Remember the NEX-7? Ever since a days-long shooting session back in September, Sony’s prized mirrorless cam has eluded us — and the rest of the world. As you may recall, the flagship Alpha ILC was hit by the Thailand floods, resulting in delay after delay, eventually missing the holiday shopping season entirely before resurfacing late last month. Another week later and our beloved Sony Alpha NEX-7 has finally arrived, ready to take on the streets of New York City. So what exactly is the NEX-7, and why does it cost as much as a mid-range DSLR? First off, the 24.3-megapixel APS-C ILC captures, well, 24.3-megapixel images, offering the highest resolution of any mirrorless model on the market. Its APS-C sensor is identical to the one found in Sony’s A77 DSLR, measuring larger than Micro Four Thirds and on par with most full-size digital SLRs.
If having the ability to capture mural-size images ranks fairly low on your digicam wish list, you may take comfort in some of the NEX-7′s other features, such as its gorgeous and durable magnesium alloy body, built-in XGA OLED electronic viewfinder, 3-inch, 921k-dot articulating LCD and unique tri-navi control interface that enables direct access to key settings adjustments, including both aperture and shutter speed in manual mode. There’s also 1080/60p HD movie capture with full manual control and microphone input support, a 10 frames-per-second continuous shooting mode (with exposure and focus locked) and a BIONZ image processor that’s capable of delivering low-noise images all the way through ISO 16,000. These features combine to make the NEX-7 one of the most powerful mirrorless cameras to date, but are they enough to justify the $1,200 body-only price tag? Join us past the break to find out.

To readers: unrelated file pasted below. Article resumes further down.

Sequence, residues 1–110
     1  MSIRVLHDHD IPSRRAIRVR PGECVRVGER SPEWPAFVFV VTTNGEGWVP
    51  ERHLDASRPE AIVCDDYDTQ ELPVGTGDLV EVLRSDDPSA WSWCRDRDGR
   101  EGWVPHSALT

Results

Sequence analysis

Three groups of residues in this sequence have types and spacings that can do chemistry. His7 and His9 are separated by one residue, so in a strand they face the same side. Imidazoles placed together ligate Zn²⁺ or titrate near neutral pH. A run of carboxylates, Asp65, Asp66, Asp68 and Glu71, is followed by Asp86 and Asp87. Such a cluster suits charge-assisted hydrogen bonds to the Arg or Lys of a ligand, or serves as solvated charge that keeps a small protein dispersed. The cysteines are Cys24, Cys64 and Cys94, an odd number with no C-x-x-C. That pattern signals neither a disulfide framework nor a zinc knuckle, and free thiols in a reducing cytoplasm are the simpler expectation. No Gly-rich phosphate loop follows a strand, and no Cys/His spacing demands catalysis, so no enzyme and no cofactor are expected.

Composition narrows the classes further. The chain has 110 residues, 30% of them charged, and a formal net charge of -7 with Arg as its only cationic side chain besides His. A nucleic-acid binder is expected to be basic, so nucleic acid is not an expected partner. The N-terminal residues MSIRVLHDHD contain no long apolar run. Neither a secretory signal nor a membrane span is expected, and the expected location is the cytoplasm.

There’s no question that Canon and Nikon still dominate the interchangeable lens camera (ILC) market, but with Olympus, Panasonic, Sony, and now Pentax all launching compact, inexpensive, mirrorless models in recent years, the legacy manufacturers have some catching up to do. In an interview confirming the restoration of pre-quake production levels in Japan, Canon camera division head Masaya Maeda told Reuters that the company is “considering the technical aspects” of creating a mirrorless camera, following up by saying “we will launch an interesting product next year.” The comment doesn’t exactly make a mirrorless Canon a sure thing, but it’s as solid a commitment as we can expect for now.
One possible concern for Canon is that entry into the new ILC category would cannibalize the company’s higher-end point-and-shoot offerings, which likely offer higher margins. But if mirrorless models gain market share over traditional DSLRs and Canon doesn’t have its own cam to match, the company could find itself racing to catch up, rather than dominating the ILC category as it has done in the past. Competition from Canon isn’t likely to start a price war, since there isn’t much elasticity at this point, but it could put pressure on other manufacturers to push the limits with image quality, accessory selection, and perhaps even lead to a future lens standard — though we’re probably more likely to see a Pentax Qthat can actually capture DSLR-quality images far before manufacturers decide to adopt a universal lens mount.